A Little Mermaid
By E(lipse, 2003

Dolphins ply the water, converging on the pressure wave around the bow of a large sailboat. A gracious father hoists his little girl onto his shoulders, one tourist amidst a throng, gripping the railing of the boat. A winsome mother grips the child’s tiny hand as a dolphin breaks away from its group to leap high into the air, drawing an appreciative ruckus from the crowd. It is the last day of the family’s vacation, but they will return home to a small town near other salty waters, a section of suburban sprawl in Florida’s panhandle, nestled against the Gulf coast.

Merle wants to be a dolphin when she grows up.
Merle is an intelligent and perceptive young woman, age six, and she knows that fulfilling this desire is quite impossible. With forthright insight, and mature acceptance of the inevitabilities of life, she adapts.

Merle wants to be a mermaid when she grows up.
Sometimes people make decisions as children that influence their lives all down the line. The life of an individual with Merle’s desires, intellect, and ambition could course down many streams. She could start down the same paths as Sylvia Earle, Jacques Cousteau, Wyland, or Eugenie Clark. She could become a brilliant marine biologist, or a world-class SCUBA diving instructor. Little Merle has within her the seeds of the necessary focus and talent. Yet it happens that, at only six years old, she chooses a different road.

Merle wants to be a mermaid when she grows up, and so she shall be.
Mermaid dolls begin to accumulate in Merle’s bedroom, and mermaid drawings to adorn her walls. She must be a mermaid for Halloween. Amidst the other children in her grade, some have a horse phase, a dinosaur phase, a cat phase. The natural assumption, duly made by parents and teachers, is that Merle is having a mermaid phase. But unlike many of the passing interests trivialized as “phases,” this persists, developing in sophistication over time.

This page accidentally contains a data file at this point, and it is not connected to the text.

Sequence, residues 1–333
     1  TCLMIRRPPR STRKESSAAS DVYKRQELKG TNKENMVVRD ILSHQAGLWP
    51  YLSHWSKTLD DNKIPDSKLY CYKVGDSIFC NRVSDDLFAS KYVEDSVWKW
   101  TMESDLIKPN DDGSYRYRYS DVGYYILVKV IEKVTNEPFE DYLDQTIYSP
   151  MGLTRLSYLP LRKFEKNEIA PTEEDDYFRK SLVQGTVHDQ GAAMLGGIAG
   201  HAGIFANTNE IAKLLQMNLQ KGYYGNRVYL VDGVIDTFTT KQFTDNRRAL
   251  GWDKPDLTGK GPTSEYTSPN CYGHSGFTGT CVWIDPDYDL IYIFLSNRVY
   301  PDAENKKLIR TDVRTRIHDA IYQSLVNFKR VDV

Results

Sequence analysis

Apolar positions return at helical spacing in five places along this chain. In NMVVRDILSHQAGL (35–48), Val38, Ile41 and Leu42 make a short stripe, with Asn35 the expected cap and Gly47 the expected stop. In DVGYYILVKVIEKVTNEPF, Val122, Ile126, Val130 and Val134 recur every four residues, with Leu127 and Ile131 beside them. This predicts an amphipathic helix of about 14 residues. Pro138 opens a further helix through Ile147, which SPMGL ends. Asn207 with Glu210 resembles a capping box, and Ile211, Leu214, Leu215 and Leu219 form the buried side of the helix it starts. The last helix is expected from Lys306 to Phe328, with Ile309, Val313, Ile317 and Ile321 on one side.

The adults in her life are fairly attentive, and they take care to exploit the young girl’s interests for her own advantage. Merle takes swimming lessons, and in skill and enthusiasm, she is unequalled. Merle takes singing lessons, and her angelic voice is adored by all who hear it. Once literate, she collects books about the undersea world. She seems a bright child, a little too focused, perhaps, but heading towards some kind of success. She refuses to cut her hair.

Alas, one does not stay young forever. Middle school is a rude awakening, as this girl becomes isolated from children who do not spend much time playing with mermaid dolls any more. Puberty is a worse awakening. With dawning awareness of the complex creature that she is becoming and the things that are expected of her, Merle finally realizes that she has set herself up for a life of great difficulty. She knows it is too late to stop or alter course. She sees herself as most adolescents do, but with a twist, perhaps a little extra poignancy. Merle is in a world apart.

Yet… she is nothing if not resourceful. She continues to do those things that she loves; whether it is possible for her to waver shall be always unknown, as it is clear that in her life she never does. She knows who she is and what she must be; she knows that her mind and body are wrong for it, and that she lives in a world that is not quite right, and does so not quite rightly.